Common Map Turtle The Common Map Turtle is part of the geograhica species, and of the Graptemys genus. Native to the Delaware Water Gap, the turtle lives near slow rivers, ponds with muddy bottoms, and areas with a strong amount of aquatic vegetation.
The human impact on this population is that with high levels of pollution and acid rain, sometimes the water gap is a challenging place to live in. Since there is still pollution in the bottom of the lake, even after a massive cleanup, and the turtle's prey eats off of plants down there, there is a chance that its food has been contaminated. continued on next slide Individual Report
Common Map Turtle continued These turtles are secondary consumers, which means that they feed off of animals such as freshwater mussels, snails, insects, crayfish, small amphibians, and more. Animals such as minks and bears are the Common Map Turtle's predators.
The male turtles are normally larger than the female map turtles by an average of a couple inches. The females lay one or two clutches of 12-14 ellipsoid eggs a year.
This population enjoys having a rock or log next to the Water Gap because they enjoy basking in the sun on one of these natural formations. Tertiary consumer Haliaeetus Leucocephalus Bald eagle Individual report by Claire Meyer The Aquatic Snail lives near the bottom of freshwater streams and ponds in the Delaware Water Gap. Its only real source of shelter or protection is its shell made of calcium carbonate. The snail's genus is Planorbis (no species).
Though it is mostly considered a primary consumer, eating the algae and aquatic plants found at the river's surface, the aquatic snail will also eat decaying organic matter (Detritus) left behind by fish. In that sense it should also be considered a decomposer.
Large fish, birds, shrews, and turtles feed off of the aquatic snail. As I stated before, if the snail feels unsafe or vulnerable, it will retract its head into its shell and will then cover the opening with an operculum (an organ or part that acts as a lid). The operculum also helps to keep moisture with the snail when it is out of the water. The Aquatic Snail can survive for a little on land , but it needs the abiotic factor of water to live, otherwise it can become dehydrated and die. Being the snail's only source of protection, it is important that the shell is strong When there is not enough calcium in the environment the snail's shell can become weak.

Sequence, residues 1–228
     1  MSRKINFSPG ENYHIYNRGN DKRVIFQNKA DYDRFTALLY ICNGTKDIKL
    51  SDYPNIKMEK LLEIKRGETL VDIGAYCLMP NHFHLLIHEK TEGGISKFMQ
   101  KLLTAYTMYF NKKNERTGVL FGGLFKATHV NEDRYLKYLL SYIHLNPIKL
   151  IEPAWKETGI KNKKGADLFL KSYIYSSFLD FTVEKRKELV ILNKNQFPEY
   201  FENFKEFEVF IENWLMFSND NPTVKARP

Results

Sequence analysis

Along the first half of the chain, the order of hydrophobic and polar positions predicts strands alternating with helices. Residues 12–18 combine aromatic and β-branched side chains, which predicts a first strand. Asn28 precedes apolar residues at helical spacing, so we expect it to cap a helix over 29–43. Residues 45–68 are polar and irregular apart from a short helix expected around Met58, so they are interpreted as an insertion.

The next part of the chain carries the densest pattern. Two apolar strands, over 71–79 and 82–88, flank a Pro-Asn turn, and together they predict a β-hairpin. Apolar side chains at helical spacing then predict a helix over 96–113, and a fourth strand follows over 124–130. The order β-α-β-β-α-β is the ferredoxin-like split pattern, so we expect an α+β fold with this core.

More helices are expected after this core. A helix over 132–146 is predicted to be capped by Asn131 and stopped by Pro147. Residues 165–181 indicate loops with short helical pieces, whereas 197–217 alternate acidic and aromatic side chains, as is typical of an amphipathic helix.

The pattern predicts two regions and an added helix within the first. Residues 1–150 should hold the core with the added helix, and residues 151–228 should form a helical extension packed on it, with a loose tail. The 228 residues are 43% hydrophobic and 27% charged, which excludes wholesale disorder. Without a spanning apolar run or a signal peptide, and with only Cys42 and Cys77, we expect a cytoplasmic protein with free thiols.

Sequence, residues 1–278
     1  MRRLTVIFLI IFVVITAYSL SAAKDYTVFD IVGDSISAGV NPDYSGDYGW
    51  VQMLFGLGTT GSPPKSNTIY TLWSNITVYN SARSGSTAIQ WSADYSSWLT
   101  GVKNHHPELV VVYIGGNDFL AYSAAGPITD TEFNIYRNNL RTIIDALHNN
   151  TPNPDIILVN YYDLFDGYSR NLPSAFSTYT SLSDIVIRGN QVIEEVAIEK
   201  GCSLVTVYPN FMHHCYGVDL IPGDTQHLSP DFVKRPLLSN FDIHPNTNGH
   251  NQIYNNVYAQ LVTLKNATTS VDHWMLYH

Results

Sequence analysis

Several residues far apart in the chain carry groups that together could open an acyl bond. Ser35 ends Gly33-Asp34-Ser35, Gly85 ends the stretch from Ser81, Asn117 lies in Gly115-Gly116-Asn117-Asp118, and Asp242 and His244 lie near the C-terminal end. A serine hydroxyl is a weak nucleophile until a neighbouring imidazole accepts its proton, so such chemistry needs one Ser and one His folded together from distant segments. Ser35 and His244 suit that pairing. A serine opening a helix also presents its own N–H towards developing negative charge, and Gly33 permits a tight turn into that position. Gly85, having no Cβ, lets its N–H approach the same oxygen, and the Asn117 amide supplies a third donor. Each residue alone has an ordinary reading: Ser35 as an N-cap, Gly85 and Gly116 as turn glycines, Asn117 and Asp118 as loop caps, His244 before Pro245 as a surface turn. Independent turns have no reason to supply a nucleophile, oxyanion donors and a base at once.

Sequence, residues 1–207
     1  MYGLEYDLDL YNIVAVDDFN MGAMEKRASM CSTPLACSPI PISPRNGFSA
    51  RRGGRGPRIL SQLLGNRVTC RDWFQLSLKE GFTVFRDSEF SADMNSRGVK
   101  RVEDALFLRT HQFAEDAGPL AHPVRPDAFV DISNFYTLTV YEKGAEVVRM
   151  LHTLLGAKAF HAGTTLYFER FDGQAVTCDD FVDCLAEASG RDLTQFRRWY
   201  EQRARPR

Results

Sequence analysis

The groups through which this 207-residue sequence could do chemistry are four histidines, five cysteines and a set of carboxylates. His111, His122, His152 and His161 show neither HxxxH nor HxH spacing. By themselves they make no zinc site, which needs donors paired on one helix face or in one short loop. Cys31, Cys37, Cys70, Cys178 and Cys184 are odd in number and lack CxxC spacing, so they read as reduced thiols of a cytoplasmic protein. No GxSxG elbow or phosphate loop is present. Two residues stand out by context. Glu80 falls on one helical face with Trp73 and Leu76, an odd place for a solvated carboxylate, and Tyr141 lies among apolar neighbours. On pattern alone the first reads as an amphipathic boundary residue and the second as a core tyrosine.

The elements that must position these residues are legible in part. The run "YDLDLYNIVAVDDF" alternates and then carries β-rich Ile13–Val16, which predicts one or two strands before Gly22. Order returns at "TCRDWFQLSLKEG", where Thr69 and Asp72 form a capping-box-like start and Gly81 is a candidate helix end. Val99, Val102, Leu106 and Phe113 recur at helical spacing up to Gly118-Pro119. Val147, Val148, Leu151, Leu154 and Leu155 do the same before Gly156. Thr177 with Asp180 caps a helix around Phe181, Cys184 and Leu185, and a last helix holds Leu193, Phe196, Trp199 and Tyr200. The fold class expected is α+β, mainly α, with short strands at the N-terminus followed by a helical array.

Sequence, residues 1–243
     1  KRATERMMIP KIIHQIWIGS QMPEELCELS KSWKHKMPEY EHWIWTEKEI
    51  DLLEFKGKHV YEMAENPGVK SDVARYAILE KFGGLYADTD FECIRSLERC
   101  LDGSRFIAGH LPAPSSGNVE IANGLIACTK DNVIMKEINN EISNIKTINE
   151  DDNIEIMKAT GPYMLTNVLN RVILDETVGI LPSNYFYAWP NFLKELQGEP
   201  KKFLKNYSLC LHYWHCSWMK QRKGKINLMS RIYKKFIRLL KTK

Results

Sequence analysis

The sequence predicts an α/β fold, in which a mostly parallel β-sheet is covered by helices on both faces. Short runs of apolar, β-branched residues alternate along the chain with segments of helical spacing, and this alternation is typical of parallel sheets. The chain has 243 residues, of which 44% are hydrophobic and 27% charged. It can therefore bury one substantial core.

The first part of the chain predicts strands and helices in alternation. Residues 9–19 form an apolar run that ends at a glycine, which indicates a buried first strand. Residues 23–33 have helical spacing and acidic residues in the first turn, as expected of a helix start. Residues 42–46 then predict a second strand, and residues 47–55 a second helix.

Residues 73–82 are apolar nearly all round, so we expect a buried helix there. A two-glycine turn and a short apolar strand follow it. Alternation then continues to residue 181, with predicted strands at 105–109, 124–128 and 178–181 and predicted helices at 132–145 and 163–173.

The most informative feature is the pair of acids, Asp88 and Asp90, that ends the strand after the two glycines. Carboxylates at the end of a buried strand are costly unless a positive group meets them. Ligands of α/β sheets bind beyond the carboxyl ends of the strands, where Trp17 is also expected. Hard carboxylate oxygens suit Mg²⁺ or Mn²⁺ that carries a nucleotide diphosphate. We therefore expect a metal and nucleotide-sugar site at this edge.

One example of human impact on the Aquatic Snail's population, is when they are used in home aquariums. Because the eat algae and detritus, Aquatic snails are taken out of their ecosystem and are then put into our aquariums to reduce the amount of algae and detritus in them. If too many snails are extracted from their ecosystem, the Aquatic Snail population in that area could suffer. By: Devon Player The End The bald eagle is a pretator in its ecosystem. It does not have any pretators, eccept for may be humans. Its pray is fish, waterfowl, and other small animals in its habitat. The bald eagle nests on the tops of trees or rock rinicles near bodies of water.
At one point the bald eagles population was very low and close to extinction. This was due to pesticides and hunting. in 1940, Bald eagles were protected and still are today. It has become illegal to hunt bald eagles. Now their population has increased from the time. by Kaya Furulie Primary Consumer
Aquatic Snail (continued) Primary Consumer
Aquatic Snail